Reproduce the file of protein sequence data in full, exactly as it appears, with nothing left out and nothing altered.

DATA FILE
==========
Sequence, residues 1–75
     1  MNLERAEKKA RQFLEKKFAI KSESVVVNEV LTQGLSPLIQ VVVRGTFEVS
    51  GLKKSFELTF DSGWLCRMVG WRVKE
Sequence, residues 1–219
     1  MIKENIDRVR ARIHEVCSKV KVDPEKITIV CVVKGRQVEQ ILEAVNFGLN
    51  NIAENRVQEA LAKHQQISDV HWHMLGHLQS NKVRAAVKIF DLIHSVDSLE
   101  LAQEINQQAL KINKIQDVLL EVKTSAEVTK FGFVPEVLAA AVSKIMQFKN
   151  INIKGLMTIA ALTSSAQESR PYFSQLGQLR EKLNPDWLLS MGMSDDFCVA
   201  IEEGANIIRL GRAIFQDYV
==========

Sequence, residues 1–75
     1  MNLERAEKKA RQFLEKKFAI KSESVVVNEV LTQGLSPLIQ VVVRGTFEVS
    51  GLKKSFELTF DSGWLCRMVG WRVKE
Sequence, residues 1–219
     1  MIKENIDRVR ARIHEVCSKV KVDPEKITIV CVVKGRQVEQ ILEAVNFGLN
    51  NIAENRVQEA LAKHQQISDV HWHMLGHLQS NKVRAAVKIF DLIHSVDSLE
   101  LAQEINQQAL KINKIQDVLL EVKTSAEVTK FGFVPEVLAA AVSKIMQFKN
   151  INIKGLMTIA ALTSSAQESR PYFSQLGQLR EKLNPDWLLS MGMSDDFCVA
   201  IEEGANIIRL GRAIFQDYV